The Magic by Rhonda Byrne is the third book in her The Secret trilogy. I had purchased The Secret from a Kabbalah Center back in 2007. The book had had an impact on me then. I experienced firsthand the effects of the dynamism that it espoused. However, for some reason, whether it was out of contentment of having seen my wishes fulfilled or because so many drastic yet wonderful changes occurred the following year, I simply forgot about The Secret. It seems that when all is well with us, we overindulge in the moment and quickly forget the behaviors that got us to that point or at least, that’s what happened to me. We become complacent. That’s when the Universe typically steps in to remind us to reconnect to the Source, Light, Maker or whatever you want to call it.
A few months ago, I was facing a difficult situation at work. Whenever I feel stressed or frustrated, I seek refuge in bookstores. Of course, only a bookstore could make it or anything better. I thought I’d purchase a well-liked, expansive classic novel in which I could lose myself. While perusing through the aisles, I came across this book instead. It wasn’t even the genre that I was considering. But it jumped out at me. I laggardly pulled it off the bookshelf. I plopped down on the carpeted floor. I comfortably leaned against the wall in an opening between two bookstands and began reading. Even though I was a little irritated by the author’s vaunting about her ability to evocate almost anything into her existence, I knew that was the book I’d be taking home that night.
I then remembered that I had read The Secret at some point but couldn’t pinpoint exactly when or what I had gathered from it. I just remembered having read and enjoyed it. It wasn’t until I was halfway through the book that I could finally remember all the details of the things that had come to pass as a result of using the techniques in The Secret. When I was looking through The Magic, it never occurred to me to check which place it occupied in the trilogy. Perhaps I should have read The Power first since it was the second book in the trilogy. But in the moment that I had noticed The Magic, all I was considering was that it had searched me out; not the other way around. So I took it home. No questions asked.
The Magic is meant to be read and practiced in a 28-day period. The crux of the entire book is gratitude. I’m not referring to perfunctory gratitude as a result of indoctrination from our childhood. I’m referring to a more intentional and organic gratitude. The reader is instructed to read one lesson per day. Each lesson has one or more brief yet impactful practices to help manifest the particular technique being taught in that lesson which is always, first and foremost, rooted in gratitude.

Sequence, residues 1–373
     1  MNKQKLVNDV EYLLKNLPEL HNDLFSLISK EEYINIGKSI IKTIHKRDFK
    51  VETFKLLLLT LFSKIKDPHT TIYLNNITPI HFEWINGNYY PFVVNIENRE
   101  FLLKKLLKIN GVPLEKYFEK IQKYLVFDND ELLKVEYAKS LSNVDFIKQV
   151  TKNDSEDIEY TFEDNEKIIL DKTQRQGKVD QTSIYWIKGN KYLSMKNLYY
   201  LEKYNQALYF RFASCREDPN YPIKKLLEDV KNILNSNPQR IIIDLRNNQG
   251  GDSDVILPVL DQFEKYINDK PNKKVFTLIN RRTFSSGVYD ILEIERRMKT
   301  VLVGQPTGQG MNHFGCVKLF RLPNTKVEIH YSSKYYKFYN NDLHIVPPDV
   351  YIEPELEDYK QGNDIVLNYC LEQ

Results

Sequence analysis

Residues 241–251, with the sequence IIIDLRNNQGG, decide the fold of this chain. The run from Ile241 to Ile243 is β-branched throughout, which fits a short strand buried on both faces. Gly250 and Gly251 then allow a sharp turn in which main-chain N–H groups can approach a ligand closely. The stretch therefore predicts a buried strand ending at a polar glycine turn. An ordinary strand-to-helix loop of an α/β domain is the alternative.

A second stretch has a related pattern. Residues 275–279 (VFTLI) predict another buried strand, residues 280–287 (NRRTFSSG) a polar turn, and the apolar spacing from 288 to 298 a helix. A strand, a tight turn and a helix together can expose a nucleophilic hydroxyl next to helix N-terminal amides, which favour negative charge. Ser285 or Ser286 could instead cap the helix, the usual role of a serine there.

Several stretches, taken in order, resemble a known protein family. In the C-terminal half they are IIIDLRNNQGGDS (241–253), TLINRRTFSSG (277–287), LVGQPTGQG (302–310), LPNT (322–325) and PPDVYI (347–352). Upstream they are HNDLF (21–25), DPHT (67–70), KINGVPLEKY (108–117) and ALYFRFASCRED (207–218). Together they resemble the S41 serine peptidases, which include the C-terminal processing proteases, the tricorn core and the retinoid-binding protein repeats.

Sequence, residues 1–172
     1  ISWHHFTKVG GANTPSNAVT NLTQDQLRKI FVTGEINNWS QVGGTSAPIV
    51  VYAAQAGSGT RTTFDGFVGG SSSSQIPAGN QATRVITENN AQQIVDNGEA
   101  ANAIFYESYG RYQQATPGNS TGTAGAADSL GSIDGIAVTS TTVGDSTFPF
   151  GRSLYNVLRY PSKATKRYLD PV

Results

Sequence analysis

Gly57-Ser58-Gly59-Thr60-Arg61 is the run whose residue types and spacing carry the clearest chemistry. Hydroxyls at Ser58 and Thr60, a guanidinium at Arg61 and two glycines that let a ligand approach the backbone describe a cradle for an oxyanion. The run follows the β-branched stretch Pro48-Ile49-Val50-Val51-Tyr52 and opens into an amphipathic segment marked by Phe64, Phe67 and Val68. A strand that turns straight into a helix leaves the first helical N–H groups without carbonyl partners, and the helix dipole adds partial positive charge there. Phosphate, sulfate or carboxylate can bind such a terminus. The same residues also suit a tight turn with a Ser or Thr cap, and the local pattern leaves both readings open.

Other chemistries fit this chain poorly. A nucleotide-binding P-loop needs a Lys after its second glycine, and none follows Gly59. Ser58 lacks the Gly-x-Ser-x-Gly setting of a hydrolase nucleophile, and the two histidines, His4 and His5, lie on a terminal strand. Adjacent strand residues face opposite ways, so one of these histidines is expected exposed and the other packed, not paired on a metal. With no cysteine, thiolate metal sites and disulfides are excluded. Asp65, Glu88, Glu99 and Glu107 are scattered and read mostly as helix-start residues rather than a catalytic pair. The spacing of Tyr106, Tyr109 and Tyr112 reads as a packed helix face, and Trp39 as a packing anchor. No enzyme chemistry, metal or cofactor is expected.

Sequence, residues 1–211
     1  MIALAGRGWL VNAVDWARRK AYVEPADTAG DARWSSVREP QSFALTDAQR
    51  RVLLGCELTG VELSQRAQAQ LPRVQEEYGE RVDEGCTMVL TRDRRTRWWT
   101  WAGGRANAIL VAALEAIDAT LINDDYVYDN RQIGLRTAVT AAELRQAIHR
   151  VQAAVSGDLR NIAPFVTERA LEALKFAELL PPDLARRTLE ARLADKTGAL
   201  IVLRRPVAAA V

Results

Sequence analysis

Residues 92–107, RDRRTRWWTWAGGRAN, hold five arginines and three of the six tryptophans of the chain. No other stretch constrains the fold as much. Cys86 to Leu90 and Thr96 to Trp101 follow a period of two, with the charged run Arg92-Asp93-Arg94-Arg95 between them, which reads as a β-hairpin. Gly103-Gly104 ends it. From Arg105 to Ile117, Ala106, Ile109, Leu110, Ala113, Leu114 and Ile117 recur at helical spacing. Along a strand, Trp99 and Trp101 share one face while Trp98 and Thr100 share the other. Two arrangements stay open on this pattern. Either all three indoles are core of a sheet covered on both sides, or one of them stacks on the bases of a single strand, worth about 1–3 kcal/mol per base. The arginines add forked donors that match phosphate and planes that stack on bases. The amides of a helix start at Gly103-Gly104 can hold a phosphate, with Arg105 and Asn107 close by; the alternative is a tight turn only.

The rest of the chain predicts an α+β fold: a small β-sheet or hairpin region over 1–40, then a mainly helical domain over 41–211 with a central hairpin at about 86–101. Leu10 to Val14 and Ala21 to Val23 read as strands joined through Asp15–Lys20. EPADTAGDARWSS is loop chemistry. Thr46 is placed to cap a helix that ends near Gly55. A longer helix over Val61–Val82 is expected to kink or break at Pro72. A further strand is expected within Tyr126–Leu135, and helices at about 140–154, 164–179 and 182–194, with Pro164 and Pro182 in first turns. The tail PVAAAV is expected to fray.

“If you practice gratitude a little, your life will change a little. If you practice gratitude a lot every day, your life will change dramatically and in ways that you can hardly imagine.”
I’m not going to limn here each chapter or lesson in the book. But I will share with you some of the lessons that most impacted me. First, if I was to take nothing else away from having read this book, at least I’d take away the powerful and cathartic effect of writing down a Daily Gratitude list. Everyone should keep a gratitude journal or even a pocket-size gratitude notepad like me. Don’t create rules or any other type of creative limitation. The book recommends writing down ten things per day for which I was grateful. But it was becoming more a point of frustration to meet the ten points then to enjoy the process. Just write as many as you’re comfortable.
Second, I benefited from thanking the universe, in advance, for granting my wishes. On numerous occasions, I had written down how grateful I had been for having received good news or something else. A few days or weeks later, the outcome that I had envisioned came to fruition. The most important word of advice that I can offer at this point is to make sure your visions and expectations are realistic. Wishing to tame and marry Mr. Grey from Fifty Shades of Grey is likely going to disappoint in the end. So…just keep it real. 😉
Finally, the exercise that I benefited from the most was one in which I learned to give myself a break. I was and in moments of weakness, still am, my worst critic. I have a low tolerance for mistakes; especially ones I’ve made. Mrs. Byrne wrote something that truly lingered in my psyche for days, “Negative feelings about yourself cause the greatest damage to your life, because they are more powerful than any feelings you have about anything or anyone else. Wherever you go and whatever you do you take those negative feelings with you in every moment, and those feelings taint everything you touch, and they act as a magnet, attracting more dissatisfaction, discontentment, and disappointment with everything you do.”
As you can see, having read The Magic before The Power didn’t negatively affect me or interrupt any pre-planned process. I still benefited a great deal from having read it when I did. It was precisely what I needed. I can always go back next month and pick up The Power. There’s no need to follow the order so rigidly. Do what works best for you. This book helped me get through my difficult time at work a few months ago. Because I am still applying the techniques that I’ve gleaned from The Magic, I’m enjoying, rather than fearing, the transitory stage that I’m living through right now.
I gave this book four (4) stars on Goodreads. I felt it wasn’t deserving of five stars because it was very repetitive. It could have been shorter but I understand that on average, it takes 28 days to develop a habit.
Let me know whether you’ve read it! I’d love to hear from you.